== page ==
A French court is expected to issue a verdict in the trial involving former prime minister Francois Fillon over allegations he set up a fake job for his wife that paid her over €1 million in public funds.
The judicial case was prompted by an investigation of a French satirical weekly, the Canard Enchainé published in January 2017.
The paper alleged Fillon’s wife, Penelope, had been his parliamentary assistant for 15 years – except there was no evidence she did any work.
The case demolished Fillon’s 2017 presidential bid, at a time when he was widely tipped to result as the winner, paving the way for Emmanuel Macron’s election.
He did not even get through the first round of the election in April 2017.
Fillon, 66-year-old, has insisted his wife earned the money honestly, saying “there is not the slightest doubt” about the nature of her wife’s collaboration.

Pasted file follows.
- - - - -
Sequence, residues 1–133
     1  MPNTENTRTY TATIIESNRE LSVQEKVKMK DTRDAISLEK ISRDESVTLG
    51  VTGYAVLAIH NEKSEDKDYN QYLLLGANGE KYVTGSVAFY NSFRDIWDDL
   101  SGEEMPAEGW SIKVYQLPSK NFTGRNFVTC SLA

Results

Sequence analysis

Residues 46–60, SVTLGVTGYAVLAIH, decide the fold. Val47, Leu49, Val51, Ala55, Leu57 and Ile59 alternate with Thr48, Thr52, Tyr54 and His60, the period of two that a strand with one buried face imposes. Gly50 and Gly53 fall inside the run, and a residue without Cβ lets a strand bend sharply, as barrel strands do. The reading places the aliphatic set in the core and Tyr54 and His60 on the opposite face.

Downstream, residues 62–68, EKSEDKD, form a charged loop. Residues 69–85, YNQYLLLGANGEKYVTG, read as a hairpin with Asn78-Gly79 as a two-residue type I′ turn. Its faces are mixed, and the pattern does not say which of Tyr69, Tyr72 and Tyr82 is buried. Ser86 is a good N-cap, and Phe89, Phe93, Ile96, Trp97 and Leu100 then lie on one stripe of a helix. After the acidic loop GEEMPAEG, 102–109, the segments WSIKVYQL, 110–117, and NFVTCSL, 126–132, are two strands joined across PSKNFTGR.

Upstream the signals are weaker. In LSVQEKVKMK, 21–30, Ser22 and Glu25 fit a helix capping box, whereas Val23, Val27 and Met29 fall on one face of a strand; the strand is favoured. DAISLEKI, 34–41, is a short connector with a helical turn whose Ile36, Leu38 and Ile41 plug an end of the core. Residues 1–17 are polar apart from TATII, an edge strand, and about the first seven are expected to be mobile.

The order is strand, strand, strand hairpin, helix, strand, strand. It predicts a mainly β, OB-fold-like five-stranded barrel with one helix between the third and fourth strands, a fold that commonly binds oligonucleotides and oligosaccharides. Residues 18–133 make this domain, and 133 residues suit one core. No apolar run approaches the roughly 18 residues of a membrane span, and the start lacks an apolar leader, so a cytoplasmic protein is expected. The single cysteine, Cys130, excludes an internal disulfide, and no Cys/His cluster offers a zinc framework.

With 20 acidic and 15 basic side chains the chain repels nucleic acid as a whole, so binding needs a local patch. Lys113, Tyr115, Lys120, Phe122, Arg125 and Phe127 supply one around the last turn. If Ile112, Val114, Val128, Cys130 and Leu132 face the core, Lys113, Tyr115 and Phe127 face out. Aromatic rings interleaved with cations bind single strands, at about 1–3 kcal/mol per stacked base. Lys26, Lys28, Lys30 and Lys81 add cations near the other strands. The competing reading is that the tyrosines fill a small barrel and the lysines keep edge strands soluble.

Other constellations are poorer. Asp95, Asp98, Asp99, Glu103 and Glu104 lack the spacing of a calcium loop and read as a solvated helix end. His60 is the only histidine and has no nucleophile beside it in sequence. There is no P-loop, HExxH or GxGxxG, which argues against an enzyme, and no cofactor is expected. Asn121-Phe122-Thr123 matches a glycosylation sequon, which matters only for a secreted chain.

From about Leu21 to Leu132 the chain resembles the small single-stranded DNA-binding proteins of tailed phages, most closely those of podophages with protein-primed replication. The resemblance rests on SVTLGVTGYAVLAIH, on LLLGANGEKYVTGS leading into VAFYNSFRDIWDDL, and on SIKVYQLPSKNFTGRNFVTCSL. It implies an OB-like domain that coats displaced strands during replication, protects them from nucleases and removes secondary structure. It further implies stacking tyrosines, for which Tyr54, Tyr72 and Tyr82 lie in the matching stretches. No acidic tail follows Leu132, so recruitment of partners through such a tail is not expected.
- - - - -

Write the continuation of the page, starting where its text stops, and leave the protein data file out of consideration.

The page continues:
He was indicted in March 2017 for “embezzlement of public funds”, “concealment and complicity in the abuse of corporate property” and “breach in reporting obligations to the HATVP (France’s high authority for the transparency of civil servants.)”
Fillon had previously served as prime minister in Nicolas Sarkozy’s centre-right government between 2007 and 2012.